Are You Preaching To Yourself?

in God I trust; I shall not be afraid.
What can man do to me?
— Psalm 56:11

You may be the most important preacher you hear this week.

Most of us associate preaching with something we "listen to." When I open my Bible, the psalmist help me rethink preaching. He shows me preaching is also something "I do."

The psalms help me see the importance of preaching to myself. I like the way Joe Thorn puts it in his book, Note To Self,

To preach to yourself is to challenge yourself, push yourself, and point yourself to the truth. It is not so much uncovering new truth as much as it is reminding yourself of the truth you tend to forget.

That is exactly what happens in the Psalms. Psalm 42 and Psalm 56 come to mind. Listen closely and you will hear David preaching to himself in Psalm 56:

Be gracious to me, O God, for man tramples on me;
all day long an attacker oppresses me;
my enemies trample on me all day long,
for many attack me proudly.

When I am afraid,
I put my trust in you.
In God, whose word I praise,
in God I trust; I shall not be afraid.
What can flesh do to me?

You have kept count of my tossings;
put my tears in your bottle.
Are they not in your book?

Then my enemies will turn back
in the day when I call.
This I know, that God is for me.

In God, whose word I praise,
in the Lord, whose word I praise,
in God I trust; I shall not be afraid.
What can man do to me?

Psalm 56 is both David praying to God and David preaching to himself. Let me paraphrase some of the preaching part:

  • Verses 3-4: "When you get afraid, don't be afraid! People are just flesh and bones. They can't touch you apart from God's permission."
  • Verse 8: "God loves you so much he keeps track of every tear."
  • Verse 9: "My enemies may be after me, but that's no big deal. God is for me!"
  • Verse 11: "I am trusting in God. I'm not going to live in fear."

David reminded himself, challenged himself, and pointed himself to the truth. That was a good thing! Without that little "sermon to self" his experiences might have overwhelmed him.

David's life, like ours, is strangely paradoxical. He lived in contradictory states of the soul -- some days good and some days not so good. So he learned to preach to himself:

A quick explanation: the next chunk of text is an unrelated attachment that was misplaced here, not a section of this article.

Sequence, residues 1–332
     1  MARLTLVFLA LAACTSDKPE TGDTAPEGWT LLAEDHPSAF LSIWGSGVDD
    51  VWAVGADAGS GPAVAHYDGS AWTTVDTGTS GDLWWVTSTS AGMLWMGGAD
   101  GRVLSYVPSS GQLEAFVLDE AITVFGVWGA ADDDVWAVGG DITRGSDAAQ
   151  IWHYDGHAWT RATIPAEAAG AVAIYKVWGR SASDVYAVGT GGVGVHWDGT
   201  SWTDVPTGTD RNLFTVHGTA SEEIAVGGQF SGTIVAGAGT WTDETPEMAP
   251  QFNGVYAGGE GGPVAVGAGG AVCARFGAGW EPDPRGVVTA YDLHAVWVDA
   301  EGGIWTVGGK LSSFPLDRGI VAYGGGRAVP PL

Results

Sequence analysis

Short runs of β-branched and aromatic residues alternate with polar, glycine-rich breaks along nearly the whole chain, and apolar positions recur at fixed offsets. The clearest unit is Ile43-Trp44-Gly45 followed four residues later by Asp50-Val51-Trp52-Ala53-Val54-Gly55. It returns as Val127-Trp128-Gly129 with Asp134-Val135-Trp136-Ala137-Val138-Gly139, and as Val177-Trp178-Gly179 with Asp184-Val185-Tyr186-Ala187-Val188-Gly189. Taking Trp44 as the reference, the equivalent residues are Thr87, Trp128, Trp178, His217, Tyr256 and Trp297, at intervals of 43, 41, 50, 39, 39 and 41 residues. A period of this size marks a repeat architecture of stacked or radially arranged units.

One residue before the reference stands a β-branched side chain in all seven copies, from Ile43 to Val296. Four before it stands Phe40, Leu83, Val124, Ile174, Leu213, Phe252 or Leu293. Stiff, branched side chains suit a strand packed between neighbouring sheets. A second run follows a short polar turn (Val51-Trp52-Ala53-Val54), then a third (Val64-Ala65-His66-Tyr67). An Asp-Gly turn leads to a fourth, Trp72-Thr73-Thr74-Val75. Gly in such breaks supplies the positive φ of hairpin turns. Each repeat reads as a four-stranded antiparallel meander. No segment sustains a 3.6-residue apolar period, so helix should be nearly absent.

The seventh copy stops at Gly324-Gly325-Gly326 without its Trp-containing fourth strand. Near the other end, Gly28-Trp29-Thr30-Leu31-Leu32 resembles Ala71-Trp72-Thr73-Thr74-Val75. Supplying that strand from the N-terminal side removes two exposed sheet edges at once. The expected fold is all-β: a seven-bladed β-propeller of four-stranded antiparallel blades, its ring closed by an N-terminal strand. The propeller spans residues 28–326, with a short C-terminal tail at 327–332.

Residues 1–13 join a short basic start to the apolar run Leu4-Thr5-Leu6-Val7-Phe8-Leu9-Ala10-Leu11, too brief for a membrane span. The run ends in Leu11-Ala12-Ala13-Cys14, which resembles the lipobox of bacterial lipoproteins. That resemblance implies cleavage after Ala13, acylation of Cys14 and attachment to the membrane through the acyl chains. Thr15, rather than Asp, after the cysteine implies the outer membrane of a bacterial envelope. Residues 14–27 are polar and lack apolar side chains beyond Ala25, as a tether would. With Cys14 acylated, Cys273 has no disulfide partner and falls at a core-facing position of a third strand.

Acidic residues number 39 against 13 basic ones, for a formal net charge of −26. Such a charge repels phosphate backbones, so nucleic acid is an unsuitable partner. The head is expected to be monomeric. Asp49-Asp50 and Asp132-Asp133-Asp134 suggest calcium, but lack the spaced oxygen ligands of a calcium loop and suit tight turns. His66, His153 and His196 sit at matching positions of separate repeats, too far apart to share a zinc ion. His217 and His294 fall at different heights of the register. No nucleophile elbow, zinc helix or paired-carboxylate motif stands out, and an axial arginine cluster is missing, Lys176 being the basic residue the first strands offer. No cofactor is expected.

As a wave of fear threatened to break over his soul, David grabbed himself by the shirt collar and said, "Wait a minute. You have Almighty God on your side. This is no time time to wimp out!"

Preaching to yourself is holy self talk. David has three reasons to talk to himself with confidence:

  1. God made promises to him. In verses four and ten he writes, “In God whose word I praise.” David was resting in the promises of God and God always keeps his promises (Proverbs 30:5; Hebrews 6:18).
  2. God cares for him. In verse eight he writes, “You have kept count of my tossings; put my tears in your bottle.  Are they not in your book?” David is convinced that God knows his every step, even his every tear. That intimate love motivates him to stand strong.
  3. God is for him. In verse nine David says, “This I know, that God is for me.” Standing against any army is no big deal if we really believe God is on our side. Any person plus God is a majority.

What was true for David is true for every person who knows God and walks with him. It is the assurance of God's promises, and God's care, and God's assistance. That gives us all the reason to preach to ourselves -- not just on Sunday, but every day.

Today, as you encounter challenges and troubles, point yourself to the truth -- preach to yourself.

If you need help remembering some of those wonderful promises of God, check out the post, "Stinkin' Thinkin." You can click here to get it.


"To preach to yourself ..." from Note To Self: The Discipline of Preaching To Yourself, by Joe Thorn. Wheaton: Crossway. 2011. p. 32.